After this, when peace had been made for thirty years between the Athenians and the Lacedaemonians, be got a decree passed for his expedition to Samos,1
alleging against its people that, though they were ordered to break off their war against the Milesians, they were not complying.
Now, since it is thought that he proceeded thus against the Samians to gratify Aspasia, this may be a fitting place to raise the query what great art or power this woman had, that she managed as she pleased the foremost men of the state, and afforded the philosophers occasion to discuss her in exalted terms and at great length.
That she was a Milesian by birth, daughter of one Axiochus, is generally agreed; and they say that it was in emulation of Thargelia, an Ionian woman of ancient times, that she made her onslaughts upon the most influential men. This Thargelia came to be a great beauty and was endowed with grace of manners as well as clever wits. Inasmuch as she lived on terms of intimacy with numberless Greeks, and attached all her consorts to the king of Persia, she stealthily sowed the seeds of Persian sympathy in the cities of Greece by means of these lovers of hers, who were men of the greatest power and influence.
And so Aspasia, as some say, was held in high favour by Pericles because of her rare political wisdom. Socrates sometimes came to see her with his disciples, and his intimate friends brought their wives to her to hear her discourse, although she presided over a business that was any- thing but honest or even reputable, since she kept a house of young courtesans.
says that Lysicles the sheep-dealer, a man of low birth and nature, came to be the first man at Athens by living with Aspasia after the death of Pericles. And in the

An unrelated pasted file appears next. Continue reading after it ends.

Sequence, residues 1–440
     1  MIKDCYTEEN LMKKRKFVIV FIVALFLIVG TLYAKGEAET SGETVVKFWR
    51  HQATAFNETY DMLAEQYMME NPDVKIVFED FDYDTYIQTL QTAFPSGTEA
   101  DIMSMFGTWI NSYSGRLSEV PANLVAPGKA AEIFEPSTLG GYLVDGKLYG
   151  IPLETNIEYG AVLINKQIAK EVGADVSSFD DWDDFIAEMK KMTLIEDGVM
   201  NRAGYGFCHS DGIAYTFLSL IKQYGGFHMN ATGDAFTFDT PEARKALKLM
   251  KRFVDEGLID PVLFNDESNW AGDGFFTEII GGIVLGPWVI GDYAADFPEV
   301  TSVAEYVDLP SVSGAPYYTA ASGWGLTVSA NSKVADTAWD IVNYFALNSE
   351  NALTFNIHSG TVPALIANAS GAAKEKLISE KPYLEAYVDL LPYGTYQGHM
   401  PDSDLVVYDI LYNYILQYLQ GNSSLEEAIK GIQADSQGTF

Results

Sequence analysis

‘Menexenus’ of Plato, even though the first part of it be written in a sportive vein, there is, at any rate, thus much of fact, that the woman had the reputation of associating with many Athenians as a teacher of rhetoric.
However, the affection which Pericles had for Aspasia seems to have been rather of an amatory sort. For his own wife was near of kin to him, and had been wedded first to Hipponicus, to whom she bore Callias, surnamed the Rich; she bore also, as the wife of Pericles, Xanthippus and Paralus. Afterwards, since their married life was not agreeable, he legally bestowed her upon another man, with her own consent, and himself took Aspasia, and loved her exceedingly.
Twice a day, as they say, on going out and on coming in from the market-place, he would salute her with a loving kiss.
But in the comedies she is styled now the New Omphale, now Deianeira, and now Hera. Cratinus3
flatly called her a prostitute in these lines:—
As his Hera, Aspasia was born, the child of Unnatural Lust,
A prostitute past shaming.
And it appears also that he begat from her that bastard son about whom Eupolis, in his
‘Demes,’ represented him as inquiring with these words:—
And my bastard, doth he live?
to which Myronides replies:—
Yea, and long had been a man,
Had he not feared the mischief of his harlot-birth.
So renowned and celebrated did Aspasia become, they say, that even Cyrus, the one who went to war with the Great King for the sovereignty of the Persians, gave the name of Aspasia to that one of his concubines whom he loved best, who before was called Milto. She was a Phocaean by birth, daughter of one Hermotimus, and, after Cyrus had fallen in battle, was carried captive to the King,5
and acquired the greatest influence with him. These things coming to my recollection as I write, it were perhaps unnatural to reject and pass them by.